The authors concluded that “our results indicated that patient-driven factors were the main barriers in the majority of cases (74%) and included uncertainties, beliefs, fears from surgery, HA benefit, lack of motivation, health problems, personal issues, and negative effect of word of mouth. External influences such as HMO-related bureaucracy and the attitude of non-CI professionals were barriers in 17%” They also note that “, the major barriers to implantation are modifiable and should be kept in mind when developing updated protocols for CI candidacy evaluation and consultation to promote higher compliance…. . Some of these factors are within the control of CI teams and can be addressed through periodic follow-up and re-counseling. Clinicians should promote a personalised candidacy process, with special attention to older, male candidates while highlighting the detrimental effects of non-optimal rehabilitation on auditory, cognitive, and social function.”
Redmann AJ, Tawfik K, Hammer T, et al. Determining treatment choices after the cochlear implant evaluation process. Laryngoscope Investigative Otolaryngology. 2021;6:320–324: https://doi.org/10.1002/lio2.546
The authors wanted to examine the proportion of patients starting the cochlear implant evaluation (CIE) process proceeding to cochlear implantation in their service and to assess which patient factors affect the decision to proceed with cochlear implantation.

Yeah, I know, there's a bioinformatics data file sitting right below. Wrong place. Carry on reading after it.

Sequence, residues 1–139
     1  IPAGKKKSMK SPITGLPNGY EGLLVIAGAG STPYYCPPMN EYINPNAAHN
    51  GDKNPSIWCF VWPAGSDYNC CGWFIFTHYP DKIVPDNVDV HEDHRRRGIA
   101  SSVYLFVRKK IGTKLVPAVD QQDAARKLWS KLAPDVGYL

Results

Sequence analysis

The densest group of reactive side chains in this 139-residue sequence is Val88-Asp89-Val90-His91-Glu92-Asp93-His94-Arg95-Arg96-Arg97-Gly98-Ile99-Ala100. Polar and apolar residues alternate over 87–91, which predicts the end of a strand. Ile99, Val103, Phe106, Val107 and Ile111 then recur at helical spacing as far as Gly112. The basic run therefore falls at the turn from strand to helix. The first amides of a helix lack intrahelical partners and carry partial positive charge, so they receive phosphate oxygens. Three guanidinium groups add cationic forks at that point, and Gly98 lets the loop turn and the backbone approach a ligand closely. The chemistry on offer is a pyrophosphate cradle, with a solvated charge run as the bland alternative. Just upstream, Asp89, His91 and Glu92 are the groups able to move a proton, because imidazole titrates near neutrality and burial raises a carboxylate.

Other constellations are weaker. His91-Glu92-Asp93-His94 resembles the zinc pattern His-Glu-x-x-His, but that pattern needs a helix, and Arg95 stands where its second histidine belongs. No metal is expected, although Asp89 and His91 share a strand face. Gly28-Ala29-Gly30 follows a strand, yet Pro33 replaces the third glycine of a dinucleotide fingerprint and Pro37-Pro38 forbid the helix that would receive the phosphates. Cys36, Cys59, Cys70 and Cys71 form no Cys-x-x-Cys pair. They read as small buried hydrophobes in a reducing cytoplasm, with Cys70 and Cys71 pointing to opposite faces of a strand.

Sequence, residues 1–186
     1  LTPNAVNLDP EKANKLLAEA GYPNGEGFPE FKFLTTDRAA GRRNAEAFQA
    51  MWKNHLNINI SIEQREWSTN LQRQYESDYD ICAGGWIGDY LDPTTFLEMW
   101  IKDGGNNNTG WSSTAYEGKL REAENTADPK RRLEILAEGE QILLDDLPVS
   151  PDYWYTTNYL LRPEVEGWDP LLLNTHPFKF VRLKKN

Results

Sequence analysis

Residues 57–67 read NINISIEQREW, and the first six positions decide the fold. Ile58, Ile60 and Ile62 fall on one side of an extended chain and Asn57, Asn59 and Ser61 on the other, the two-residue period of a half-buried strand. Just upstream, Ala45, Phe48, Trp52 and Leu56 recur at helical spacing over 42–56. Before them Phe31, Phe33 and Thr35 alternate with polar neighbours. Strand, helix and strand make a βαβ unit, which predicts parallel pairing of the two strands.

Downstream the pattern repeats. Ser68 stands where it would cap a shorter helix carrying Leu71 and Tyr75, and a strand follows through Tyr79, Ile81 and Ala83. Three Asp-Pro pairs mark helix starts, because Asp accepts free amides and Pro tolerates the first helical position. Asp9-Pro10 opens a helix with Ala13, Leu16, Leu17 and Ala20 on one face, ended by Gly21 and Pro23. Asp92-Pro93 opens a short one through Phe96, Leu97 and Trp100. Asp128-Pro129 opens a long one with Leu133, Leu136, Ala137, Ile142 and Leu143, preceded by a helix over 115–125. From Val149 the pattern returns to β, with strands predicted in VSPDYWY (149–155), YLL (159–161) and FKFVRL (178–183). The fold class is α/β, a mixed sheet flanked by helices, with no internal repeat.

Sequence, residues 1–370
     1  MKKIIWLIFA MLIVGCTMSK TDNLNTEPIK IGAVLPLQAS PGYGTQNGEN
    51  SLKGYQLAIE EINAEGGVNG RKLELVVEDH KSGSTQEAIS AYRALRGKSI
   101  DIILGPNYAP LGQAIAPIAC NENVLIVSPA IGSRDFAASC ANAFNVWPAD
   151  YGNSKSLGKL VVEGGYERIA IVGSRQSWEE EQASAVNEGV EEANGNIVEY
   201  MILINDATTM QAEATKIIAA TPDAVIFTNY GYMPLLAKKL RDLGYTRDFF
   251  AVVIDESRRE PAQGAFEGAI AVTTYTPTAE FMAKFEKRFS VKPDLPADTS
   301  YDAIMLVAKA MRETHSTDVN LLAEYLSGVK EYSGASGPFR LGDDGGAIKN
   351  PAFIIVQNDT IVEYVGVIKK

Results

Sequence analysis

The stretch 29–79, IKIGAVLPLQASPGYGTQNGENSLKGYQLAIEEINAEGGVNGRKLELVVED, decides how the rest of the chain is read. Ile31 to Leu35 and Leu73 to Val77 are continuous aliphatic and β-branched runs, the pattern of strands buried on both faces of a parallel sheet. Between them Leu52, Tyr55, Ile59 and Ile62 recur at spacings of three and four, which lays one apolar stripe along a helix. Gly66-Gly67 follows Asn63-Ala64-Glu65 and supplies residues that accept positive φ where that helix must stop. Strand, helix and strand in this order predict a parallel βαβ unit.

They looked retrospectively at a case series of all patients scheduled for a CIE within a tertiary academic neurology practice between January 1, 2014, and April 30, 2016. They found an overall implantation rate of 47% (107/226) among patients scheduled for CIE. The common reasons for deferring CI among candidates included failure to show up for a preoperative appointment (24%), choosing hearing aids as an alternative (22%), patient refusal (21%), and insurance issues (17%). Overall, CIE led to a new adjunctive hearing device (CI or hearing aid) in 113 (113/203, 56%) cases.
Patients who chose not to have a CI despite meeting candidacy criteria did so due to cost/insurance issues, or due to preference for auditory amplification rather than CI. The authors also looked to improve the assessment process to ensure that candidates could undertake an assessment without a full CI assessment.
Implications for Policy.
These two studies both show the importance of examining the varying barriers for greater CI uptake and that these need addressing as part of any approach to increasing access to CI. Personalisation, addressing patient concerns, fears of surgery, negative comments from others all need addressing.
We already know the reasons for not proceeding with a CI, even when assessment criteria have been met, are complex but it is concerning to see that cost still remains a factor in systems that rely on insurance provision rather than state funding in both studies.